*This is what Serve the City has been doing in Lisbon, Portugal, and other European cities, since 2010. The City of Lisbon said years ago that it changed the way they deal with homeless people. (Video)
**The best thing anyone’s ever said to me wasn’t actually said to me, it was said to my son-in-law when I happened to be over at his house: My daughter was modelling for him a new blouse she had bought for herself, wanting his opinion. “Did you show your father? What does he think?” he asked.
“He’s my daddy,” she explained, in a tone indicating there was no sense asking. “He thinks I’m beautiful."
Sunday, February 18, 2018
Last September I moved from South House to a house that belongs to my church, Joy Tabernacle, and is located two doors north of the church building. I share the house with four other men from the church and I rent a small – 10 feet x 11 feet – room. Like a good German, I’ve engineered the space for efficiency. There’s a loft bed; I think of it as an upstairs bedroom. Beneath the bed there’s a library, consisting of desk, chair, file cabinet and book shelves. The library is separated from the kitchen by a curtain my mother made me. Another curtain separates the kitchen from the dressing room/closet. Beneath the window sits a tiny round glass table and a chair. Here I take my meals.
Outside the window chickadees light on the neighbor’s bushes as if to cheer, amuse and keep me company. Dozens of them. The other morning, sitting down to coffee, I was disappointed to find them missing, but within seconds the miniature maelstrom fluttered in, as if delayed by air traffic. They seem to respond to my movements. This afternoon I went over to the window to see if they were there. At first, it appeared they were not, but then they slowly emerged, blinking, from the bushes’ leafless interior. Oddly, they all faced forward, like a legion of tiny soldiers presenting arms, in little grey helmets with black visors and filigree chain mail bibs. I counted twenty-seven. We stood facing each other, rather than giving each other the side-eye, as we usually do, though presumably this meant they weren’t looking at me at all. They reminded me of my students, who sometimes appear attentive though their minds are far away. Other times, they appear distracted while gauging every move. Why attend to chickadees? “Nothing touches your life but it is the LORD God Himself speaking to you,” claims Oswald Chambers. “Upon the head of the righteous [Christ is our righteousness], blessings rain down,” says Solomon. Chickadees are a blessing.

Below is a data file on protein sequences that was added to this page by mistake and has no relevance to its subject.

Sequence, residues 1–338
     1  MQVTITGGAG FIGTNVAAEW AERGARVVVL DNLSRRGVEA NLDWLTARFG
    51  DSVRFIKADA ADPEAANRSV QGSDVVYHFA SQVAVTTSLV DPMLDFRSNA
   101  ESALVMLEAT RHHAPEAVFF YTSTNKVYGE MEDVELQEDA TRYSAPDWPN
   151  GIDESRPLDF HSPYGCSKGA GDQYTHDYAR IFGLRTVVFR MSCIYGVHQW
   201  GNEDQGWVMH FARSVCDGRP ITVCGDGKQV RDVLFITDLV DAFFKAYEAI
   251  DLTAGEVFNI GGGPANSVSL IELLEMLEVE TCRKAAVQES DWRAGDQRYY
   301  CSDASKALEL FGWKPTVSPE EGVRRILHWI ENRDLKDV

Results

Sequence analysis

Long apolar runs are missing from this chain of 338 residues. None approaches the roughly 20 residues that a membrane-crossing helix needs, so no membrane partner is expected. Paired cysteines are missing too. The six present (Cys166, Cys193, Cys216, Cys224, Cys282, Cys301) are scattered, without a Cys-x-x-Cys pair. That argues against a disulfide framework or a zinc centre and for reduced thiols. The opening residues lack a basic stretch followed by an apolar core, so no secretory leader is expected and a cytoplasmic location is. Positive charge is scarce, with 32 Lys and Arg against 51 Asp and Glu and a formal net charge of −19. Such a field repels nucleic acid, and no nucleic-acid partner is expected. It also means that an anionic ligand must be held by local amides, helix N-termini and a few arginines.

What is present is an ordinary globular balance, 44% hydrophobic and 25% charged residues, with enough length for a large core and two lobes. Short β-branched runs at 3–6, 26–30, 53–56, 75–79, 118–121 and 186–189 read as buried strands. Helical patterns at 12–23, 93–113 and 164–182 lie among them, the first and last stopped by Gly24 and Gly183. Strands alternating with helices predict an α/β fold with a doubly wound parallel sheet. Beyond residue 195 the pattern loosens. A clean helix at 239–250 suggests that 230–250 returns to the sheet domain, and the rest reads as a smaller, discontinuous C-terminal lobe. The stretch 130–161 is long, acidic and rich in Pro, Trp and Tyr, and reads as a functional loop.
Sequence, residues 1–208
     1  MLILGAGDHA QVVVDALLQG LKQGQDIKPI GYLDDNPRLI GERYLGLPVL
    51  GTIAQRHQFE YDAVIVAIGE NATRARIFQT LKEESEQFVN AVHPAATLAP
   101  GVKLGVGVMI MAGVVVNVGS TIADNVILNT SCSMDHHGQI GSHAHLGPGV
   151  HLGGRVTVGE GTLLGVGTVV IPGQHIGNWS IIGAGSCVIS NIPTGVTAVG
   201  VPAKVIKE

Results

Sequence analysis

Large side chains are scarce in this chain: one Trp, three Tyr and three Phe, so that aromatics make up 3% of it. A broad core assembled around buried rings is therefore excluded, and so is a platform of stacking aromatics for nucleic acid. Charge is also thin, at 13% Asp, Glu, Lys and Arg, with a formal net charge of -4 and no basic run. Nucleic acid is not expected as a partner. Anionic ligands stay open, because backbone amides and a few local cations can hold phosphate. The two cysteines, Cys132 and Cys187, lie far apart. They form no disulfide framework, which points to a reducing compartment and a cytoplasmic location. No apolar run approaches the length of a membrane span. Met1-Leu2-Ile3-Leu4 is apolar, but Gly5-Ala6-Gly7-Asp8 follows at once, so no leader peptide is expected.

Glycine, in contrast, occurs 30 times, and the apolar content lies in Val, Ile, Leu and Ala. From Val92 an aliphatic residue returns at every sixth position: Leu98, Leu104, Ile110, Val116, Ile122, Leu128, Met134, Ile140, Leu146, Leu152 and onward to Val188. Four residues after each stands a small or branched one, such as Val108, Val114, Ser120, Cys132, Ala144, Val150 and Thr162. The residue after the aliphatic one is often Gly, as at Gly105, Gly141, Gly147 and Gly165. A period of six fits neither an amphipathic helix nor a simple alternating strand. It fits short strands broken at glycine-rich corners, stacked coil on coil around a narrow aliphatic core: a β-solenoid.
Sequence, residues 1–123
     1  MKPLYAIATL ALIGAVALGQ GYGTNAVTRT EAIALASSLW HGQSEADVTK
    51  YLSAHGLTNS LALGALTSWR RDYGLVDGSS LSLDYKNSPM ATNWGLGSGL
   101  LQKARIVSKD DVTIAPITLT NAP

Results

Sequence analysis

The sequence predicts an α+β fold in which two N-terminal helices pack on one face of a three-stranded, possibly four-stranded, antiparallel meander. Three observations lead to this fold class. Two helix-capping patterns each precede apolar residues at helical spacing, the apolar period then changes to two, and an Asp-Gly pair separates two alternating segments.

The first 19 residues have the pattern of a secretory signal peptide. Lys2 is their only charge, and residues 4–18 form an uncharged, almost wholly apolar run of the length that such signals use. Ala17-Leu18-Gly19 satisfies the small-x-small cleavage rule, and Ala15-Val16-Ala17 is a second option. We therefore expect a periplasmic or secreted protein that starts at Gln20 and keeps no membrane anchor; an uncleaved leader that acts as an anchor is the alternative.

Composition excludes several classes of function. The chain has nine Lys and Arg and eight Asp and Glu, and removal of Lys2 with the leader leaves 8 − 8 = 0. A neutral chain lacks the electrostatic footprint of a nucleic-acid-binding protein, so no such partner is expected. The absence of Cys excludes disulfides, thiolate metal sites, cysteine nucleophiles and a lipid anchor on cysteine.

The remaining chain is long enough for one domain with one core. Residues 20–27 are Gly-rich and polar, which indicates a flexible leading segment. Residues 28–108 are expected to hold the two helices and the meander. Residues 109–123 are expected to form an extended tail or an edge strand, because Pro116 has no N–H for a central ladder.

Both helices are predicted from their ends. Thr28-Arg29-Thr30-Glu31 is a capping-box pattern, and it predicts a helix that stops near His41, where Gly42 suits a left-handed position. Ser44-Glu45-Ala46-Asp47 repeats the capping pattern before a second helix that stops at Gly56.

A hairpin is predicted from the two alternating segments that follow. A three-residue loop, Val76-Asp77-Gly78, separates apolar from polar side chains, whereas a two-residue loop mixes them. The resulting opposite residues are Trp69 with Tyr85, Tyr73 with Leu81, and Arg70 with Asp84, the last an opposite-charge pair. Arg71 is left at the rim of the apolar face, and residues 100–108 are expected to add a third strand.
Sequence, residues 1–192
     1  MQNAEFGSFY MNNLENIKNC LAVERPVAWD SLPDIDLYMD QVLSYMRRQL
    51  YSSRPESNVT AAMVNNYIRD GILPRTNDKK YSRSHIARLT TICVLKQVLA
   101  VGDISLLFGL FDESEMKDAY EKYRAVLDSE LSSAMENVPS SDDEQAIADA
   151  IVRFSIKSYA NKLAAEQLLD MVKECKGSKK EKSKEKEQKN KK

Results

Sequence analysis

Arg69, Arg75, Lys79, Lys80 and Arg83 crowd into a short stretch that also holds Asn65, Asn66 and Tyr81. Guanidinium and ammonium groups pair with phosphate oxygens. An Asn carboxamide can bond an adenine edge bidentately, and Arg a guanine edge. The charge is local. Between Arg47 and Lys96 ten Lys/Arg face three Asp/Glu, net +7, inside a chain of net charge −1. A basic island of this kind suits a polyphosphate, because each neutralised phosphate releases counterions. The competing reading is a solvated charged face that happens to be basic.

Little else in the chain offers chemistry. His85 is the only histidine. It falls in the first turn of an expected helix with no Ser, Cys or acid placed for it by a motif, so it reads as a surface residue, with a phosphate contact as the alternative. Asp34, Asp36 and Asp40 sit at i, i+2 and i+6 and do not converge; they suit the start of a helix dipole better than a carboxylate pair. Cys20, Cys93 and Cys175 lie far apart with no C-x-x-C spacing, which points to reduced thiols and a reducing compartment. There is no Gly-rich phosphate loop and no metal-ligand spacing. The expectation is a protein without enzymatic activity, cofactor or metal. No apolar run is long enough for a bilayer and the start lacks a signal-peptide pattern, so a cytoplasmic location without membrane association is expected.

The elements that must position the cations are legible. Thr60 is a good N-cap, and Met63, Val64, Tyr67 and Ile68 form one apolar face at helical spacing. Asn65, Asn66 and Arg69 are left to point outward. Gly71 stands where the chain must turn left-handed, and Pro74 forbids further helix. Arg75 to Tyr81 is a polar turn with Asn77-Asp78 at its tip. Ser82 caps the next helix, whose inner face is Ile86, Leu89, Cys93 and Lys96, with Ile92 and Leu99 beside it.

People ask me why I’m in Flint. The answer, first of all, is to be within chore-distance of my parents, who live 60 minutes away in Midland. Secondly, according to scripture, there’s much to be learned from the downtrodden (for example, Proverbs 28:11, Luke 6:20-21) and much to be gained in their service (Proverbs 19:17).
People ask me how my parents are doing. They’re 82 and have been married 62 years. Last week, rather than enjoying our standing Tuesday dinner date at their place, we went to their church, St. John’s Episcopal in Midland, for their pancake supper. Afterwards, on our way back to their home, we all agreed the pancakes had been very tasty. “Yes,” opined my mother, “but all that frying makes your clothes smell.”
“Well I would say to you,” returned my father, who moves with the speed of an energetic snail, “as soon as you walk in the house, throw off all your clothes.”